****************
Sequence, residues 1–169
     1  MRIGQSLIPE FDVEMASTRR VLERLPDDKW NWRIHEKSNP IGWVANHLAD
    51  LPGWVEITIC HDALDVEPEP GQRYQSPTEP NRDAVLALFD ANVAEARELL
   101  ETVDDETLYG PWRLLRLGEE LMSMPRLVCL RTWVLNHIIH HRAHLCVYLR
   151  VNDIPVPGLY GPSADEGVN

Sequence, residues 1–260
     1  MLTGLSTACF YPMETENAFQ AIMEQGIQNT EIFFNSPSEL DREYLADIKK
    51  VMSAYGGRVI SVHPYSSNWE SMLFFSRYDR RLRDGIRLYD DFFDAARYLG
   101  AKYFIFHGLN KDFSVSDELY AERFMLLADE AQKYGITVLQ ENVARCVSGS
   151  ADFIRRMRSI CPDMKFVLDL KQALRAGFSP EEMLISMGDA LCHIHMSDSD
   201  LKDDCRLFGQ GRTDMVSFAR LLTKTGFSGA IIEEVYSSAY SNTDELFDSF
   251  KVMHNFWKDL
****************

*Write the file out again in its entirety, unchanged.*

Sequence, residues 1–169
     1  MRIGQSLIPE FDVEMASTRR VLERLPDDKW NWRIHEKSNP IGWVANHLAD
    51  LPGWVEITIC HDALDVEPEP GQRYQSPTEP NRDAVLALFD ANVAEARELL
   101  ETVDDETLYG PWRLLRLGEE LMSMPRLVCL RTWVLNHIIH HRAHLCVYLR
   151  VNDIPVPGLY GPSADEGVN

Sequence, residues 1–260
     1  MLTGLSTACF YPMETENAFQ AIMEQGIQNT EIFFNSPSEL DREYLADIKK
    51  VMSAYGGRVI SVHPYSSNWE SMLFFSRYDR RLRDGIRLYD DFFDAARYLG
   101  AKYFIFHGLN KDFSVSDELY AERFMLLADE AQKYGITVLQ ENVARCVSGS
   151  ADFIRRMRSI CPDMKFVLDL KQALRAGFSP EEMLISMGDA LCHIHMSDSD
   201  LKDDCRLFGQ GRTDMVSFAR LLTKTGFSGA IIEEVYSSAY SNTDELFDSF
   251  KVMHNFWKDL